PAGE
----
Ellen G. White in Europe 1885-1887


A Pleasant Trip to the Rigi

Not alone was Ellen White interested in the spiritual health of the office workers in Basel, she was also happy to join them in wholesome recreation. Late in August she, her family, and a large group of office employees went on an all-day outing. Their destination was the Rigi, a group of mountains lying between Lakes Lucerne and Zug. The broad panoramic view from the top of these mountains is magnificent. After a sixty-mile train ride to Lucerne, they all took a steamer to Vitznau, where they boarded the sturdy little rack-and-pinion train for the ride up to the mountain. EGWE 214.3

“The Rigi is new, one of the most popular resorts of Switzerland,” Ellen White remarked. The view of the lake's “greenish, blueish waters,—is ... a most beautiful sight” (Manuscript 33, 1886). EGWE 214.4

She was fascinated by the little train that took them up the mountain. EGWE 214.5

“The car consists of one carriage holding fifty-four persons not divided into compartments. It is more like a city railway car. The gauge is that of ordinary railways. Between the rails in the center run two others close together provided with teeth on which a cog wheel under the locomotive works. The train is propelled upward by steam power.”—Ibid. EGWE 214.6

After twenty minutes of climbing, the train plunged into a tunnel, then burst into the light again to cross a deep ravine on a bridge supported by two iron pillars. EGWE 214.7

A little farther on they reached the station at Kaltbad. To their left was a large health resort. “This place looked interesting,” she noted, “and I would have much liked to have spent some hours here.”—Ibid. EGWE 214.8

Still farther up they reached Rigi-Staffel, where the rail line from the other side of the mountains joined the one on which they were traveling. Again she wished she could stay, but the train went on: EGWE 214.9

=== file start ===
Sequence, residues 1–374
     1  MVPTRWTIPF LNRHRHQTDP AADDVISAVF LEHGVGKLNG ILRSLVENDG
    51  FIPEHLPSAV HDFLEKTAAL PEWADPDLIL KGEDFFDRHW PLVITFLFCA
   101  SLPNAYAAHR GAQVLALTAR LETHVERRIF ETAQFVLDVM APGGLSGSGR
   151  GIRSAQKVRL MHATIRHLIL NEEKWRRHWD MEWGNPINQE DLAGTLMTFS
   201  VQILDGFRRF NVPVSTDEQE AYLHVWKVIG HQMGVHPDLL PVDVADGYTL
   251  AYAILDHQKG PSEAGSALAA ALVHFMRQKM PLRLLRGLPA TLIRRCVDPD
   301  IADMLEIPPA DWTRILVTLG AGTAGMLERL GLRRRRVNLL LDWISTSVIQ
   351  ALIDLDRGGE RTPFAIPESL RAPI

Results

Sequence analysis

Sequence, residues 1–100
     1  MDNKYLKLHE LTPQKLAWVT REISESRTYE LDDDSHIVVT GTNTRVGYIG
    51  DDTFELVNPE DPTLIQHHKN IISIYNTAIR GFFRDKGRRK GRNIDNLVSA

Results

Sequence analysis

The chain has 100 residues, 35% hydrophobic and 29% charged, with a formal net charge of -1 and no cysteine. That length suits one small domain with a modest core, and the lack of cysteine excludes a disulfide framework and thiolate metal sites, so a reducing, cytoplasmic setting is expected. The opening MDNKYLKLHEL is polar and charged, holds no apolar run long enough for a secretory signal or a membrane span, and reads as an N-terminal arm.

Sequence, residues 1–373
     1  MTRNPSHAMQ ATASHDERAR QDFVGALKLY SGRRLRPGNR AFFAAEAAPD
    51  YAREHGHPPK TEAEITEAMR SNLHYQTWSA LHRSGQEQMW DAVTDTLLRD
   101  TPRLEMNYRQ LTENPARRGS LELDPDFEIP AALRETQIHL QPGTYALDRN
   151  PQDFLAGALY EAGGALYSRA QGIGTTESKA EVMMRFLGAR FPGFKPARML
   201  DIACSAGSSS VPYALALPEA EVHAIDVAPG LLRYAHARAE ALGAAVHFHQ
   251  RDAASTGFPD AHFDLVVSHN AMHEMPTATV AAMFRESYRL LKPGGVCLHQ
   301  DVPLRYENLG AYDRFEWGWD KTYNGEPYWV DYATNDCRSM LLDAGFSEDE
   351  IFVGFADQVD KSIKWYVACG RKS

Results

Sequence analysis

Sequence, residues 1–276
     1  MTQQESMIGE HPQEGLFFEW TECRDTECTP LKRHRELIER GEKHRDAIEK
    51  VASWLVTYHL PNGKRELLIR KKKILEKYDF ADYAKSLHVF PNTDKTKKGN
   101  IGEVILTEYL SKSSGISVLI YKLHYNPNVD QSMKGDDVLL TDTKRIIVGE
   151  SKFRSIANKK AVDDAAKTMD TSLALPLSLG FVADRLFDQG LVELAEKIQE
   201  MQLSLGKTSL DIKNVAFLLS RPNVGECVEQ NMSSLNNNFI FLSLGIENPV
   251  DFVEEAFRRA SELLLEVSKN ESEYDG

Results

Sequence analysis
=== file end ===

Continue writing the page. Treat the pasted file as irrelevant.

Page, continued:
“We climb, climb higher and still higher until we become almost giddy and we have reached at last the summit. ... We had a nice chance to view the scenery. We looked down into canyons thousands of feet and where streams of water were running swiftly.”—Ibid. EGWE 214.10

Descending again, the cheerful group of workers found seats under the trees while they waited for the steamer. EGWE 215.1

“The steamer glides up to the landing, and we step on board. It is crowded so that it seems next to impossible to urge our passage in the closely packed crowd. The scenery on this Lake Lucerne is very beautiful but we see a shower arising. The muttering thunder and the lightning flash warn us to take shelter.... We hasten down before the crowd gets in motion; and there out of the cabin windows we see a most beautiful sight—the large drops of rain falling upon the smooth surface of the lake look like glittering diamonds. I never witnessed such a scene as this before.”—Ibid. EGWE 215.2

The rain was still pouring down when the steamer docked. Willie White tried to find a hack to take them to the railway station, but none was available. The schedule was close, and there was nothing to do but to hasten through the downpour to the station and catch the train for Basel. EGWE 215.3

The wet weather could not dampen their spirits, however, as Ellen White said: EGWE 215.4

“We were rather a wet, uncomfortable, sorry-looking set. Ella clapped her hands and in a joyous tone exclaimed, ‘Now Sara, aren't you glad you went to the Rigi? Sara, aren't you glad you went to the Rigi?’ We had a good laugh and tried to look at the matter in her light and drop out the dark colorings.”—Ibid. EGWE 215.5

Now it was time to lay plans for another long trip. Once again Ellen White was to become involved in the thick of preaching and counseling responsibilities. EGWE 215.6